Chris Carlson, left, Sierra Nevada Corporation senior pilot, shakes hands with Lt. Col. Jeffrey Hogan, Afghan A-29 Light Air Support training unit commander, after landing an A-29 Super Tucano for its first arrival Sept. 26, 2014, at Moody Air Force Base, Ga. Moody was selected for the A-29 LAS training mission to train a total of 30 Afghan pilots and 90 Afghan maintainers over the next four years. (U.S. Air Force photo/Airman 1st Class Dillian Bamman)

Chris Carlson, left, Sierra Nevada Corporation senior pilot, shakes hands with Lt. Col. Jeffrey Hogan, Afghan A-29 Light Air Support training unit commander, after landing an A-29 Super Tucano for its first arrival Sept. 26, 2014, at Moody Air Force Base, Ga. Moody was selected for the A-29 LAS training mission to train a total of 30 Afghan pilots and 90 Afghan maintainers over the next four years. (U.S. Air Force photo/Airman 1st Class Dillian Bamman)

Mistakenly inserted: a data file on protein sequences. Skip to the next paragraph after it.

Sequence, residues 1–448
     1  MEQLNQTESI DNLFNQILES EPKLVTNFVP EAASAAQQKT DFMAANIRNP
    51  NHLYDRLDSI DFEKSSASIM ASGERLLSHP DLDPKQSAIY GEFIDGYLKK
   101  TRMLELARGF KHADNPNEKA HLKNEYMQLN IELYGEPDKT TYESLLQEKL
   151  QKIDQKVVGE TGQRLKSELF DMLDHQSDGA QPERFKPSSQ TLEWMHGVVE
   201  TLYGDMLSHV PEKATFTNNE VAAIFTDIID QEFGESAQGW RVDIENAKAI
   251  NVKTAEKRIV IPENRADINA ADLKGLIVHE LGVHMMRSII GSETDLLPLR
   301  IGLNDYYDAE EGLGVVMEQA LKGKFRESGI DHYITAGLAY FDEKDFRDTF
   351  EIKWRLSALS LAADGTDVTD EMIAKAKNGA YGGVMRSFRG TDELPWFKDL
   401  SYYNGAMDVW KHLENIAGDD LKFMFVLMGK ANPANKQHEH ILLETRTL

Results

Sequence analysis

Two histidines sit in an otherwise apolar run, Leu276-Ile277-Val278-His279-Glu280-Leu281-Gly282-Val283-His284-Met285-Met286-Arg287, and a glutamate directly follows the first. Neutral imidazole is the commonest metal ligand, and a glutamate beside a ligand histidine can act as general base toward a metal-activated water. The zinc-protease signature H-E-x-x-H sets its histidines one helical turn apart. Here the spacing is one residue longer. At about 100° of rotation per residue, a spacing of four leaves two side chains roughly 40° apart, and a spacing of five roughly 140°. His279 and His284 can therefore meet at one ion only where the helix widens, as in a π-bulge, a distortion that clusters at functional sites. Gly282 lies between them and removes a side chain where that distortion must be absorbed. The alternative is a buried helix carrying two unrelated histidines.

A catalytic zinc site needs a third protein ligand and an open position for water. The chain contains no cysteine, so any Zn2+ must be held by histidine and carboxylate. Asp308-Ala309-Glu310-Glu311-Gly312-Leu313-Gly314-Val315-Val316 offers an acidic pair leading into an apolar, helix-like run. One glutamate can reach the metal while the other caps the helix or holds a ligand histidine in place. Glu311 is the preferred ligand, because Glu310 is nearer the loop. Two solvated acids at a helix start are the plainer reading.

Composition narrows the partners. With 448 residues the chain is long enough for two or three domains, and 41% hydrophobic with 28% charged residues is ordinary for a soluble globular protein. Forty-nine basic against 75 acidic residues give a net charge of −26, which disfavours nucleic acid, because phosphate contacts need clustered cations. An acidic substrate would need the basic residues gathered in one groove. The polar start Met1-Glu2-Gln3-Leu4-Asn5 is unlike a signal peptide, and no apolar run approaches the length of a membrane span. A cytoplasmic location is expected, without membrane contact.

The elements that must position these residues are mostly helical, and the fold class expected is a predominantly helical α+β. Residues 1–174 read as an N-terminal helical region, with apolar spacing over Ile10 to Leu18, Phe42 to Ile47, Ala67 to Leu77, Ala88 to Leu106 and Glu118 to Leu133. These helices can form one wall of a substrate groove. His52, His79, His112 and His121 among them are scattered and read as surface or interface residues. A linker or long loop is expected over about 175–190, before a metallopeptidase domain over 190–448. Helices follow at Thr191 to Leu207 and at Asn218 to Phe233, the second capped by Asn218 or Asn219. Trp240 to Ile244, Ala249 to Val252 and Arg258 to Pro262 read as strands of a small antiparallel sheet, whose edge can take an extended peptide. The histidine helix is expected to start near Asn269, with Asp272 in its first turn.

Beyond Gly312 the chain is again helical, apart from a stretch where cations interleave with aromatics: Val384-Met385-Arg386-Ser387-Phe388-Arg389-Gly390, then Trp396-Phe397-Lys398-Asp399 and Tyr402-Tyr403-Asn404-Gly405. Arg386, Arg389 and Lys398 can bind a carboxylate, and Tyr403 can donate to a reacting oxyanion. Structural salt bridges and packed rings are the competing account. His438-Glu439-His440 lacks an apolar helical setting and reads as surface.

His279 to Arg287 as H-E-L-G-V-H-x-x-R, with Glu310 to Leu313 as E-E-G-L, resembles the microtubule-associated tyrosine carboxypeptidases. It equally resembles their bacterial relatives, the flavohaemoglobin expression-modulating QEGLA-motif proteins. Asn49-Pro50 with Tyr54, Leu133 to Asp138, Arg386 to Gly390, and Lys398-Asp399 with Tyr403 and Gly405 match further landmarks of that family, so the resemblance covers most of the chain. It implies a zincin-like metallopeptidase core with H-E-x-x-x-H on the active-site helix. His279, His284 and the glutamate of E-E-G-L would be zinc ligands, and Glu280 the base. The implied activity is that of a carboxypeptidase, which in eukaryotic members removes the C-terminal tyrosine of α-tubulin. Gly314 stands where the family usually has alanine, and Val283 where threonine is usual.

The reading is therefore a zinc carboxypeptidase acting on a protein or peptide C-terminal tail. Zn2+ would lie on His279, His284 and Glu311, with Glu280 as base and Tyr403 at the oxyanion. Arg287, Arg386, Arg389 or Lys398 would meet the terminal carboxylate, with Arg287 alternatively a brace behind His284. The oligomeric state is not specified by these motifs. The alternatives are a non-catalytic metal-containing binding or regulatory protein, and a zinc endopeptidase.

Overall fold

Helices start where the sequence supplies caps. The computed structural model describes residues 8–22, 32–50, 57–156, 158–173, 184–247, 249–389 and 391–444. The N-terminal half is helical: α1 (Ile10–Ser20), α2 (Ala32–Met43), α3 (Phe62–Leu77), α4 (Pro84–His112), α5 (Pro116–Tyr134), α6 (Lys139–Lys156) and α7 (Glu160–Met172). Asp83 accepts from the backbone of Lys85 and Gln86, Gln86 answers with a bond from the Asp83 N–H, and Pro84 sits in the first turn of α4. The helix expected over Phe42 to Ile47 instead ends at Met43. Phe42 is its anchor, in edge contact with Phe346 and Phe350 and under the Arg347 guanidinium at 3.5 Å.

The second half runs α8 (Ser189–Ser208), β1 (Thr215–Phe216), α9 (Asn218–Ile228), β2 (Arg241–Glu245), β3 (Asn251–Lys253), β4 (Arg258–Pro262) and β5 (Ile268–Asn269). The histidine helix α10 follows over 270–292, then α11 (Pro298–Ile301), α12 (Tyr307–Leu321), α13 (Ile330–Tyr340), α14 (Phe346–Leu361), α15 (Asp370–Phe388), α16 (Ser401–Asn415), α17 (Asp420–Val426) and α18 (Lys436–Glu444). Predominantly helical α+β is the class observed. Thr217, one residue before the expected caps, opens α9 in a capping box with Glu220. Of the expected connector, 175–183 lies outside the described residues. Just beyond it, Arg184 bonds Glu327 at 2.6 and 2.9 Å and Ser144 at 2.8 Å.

MOODY AIR FORCE BASE, Ga. (AFNS) -- The first of 20 A-29 Super Tucano aircraft arrived here Sept. 26, in preparation for the Afghanistan pilot and maintenance training mission.

The A-29 is a light air support training aircraft that will be used to train 30 Afghan pilots and 90 Afghan maintainers as part of a requirement from the International Security Assistance Force to conduct training outside of Afghanistan.

"This is a very unique program, it's a great opportunity and it's definitely a great day for Moody Air Force Base," said Lt. Col. Jeffrey Hogan, the A-29 Light Air Support training unit commander. "This aircraft is perfect for the mission; it's going to be a great opportunity for us to interact with the Afghans. We will be teaching them, but we will be learning from them as well."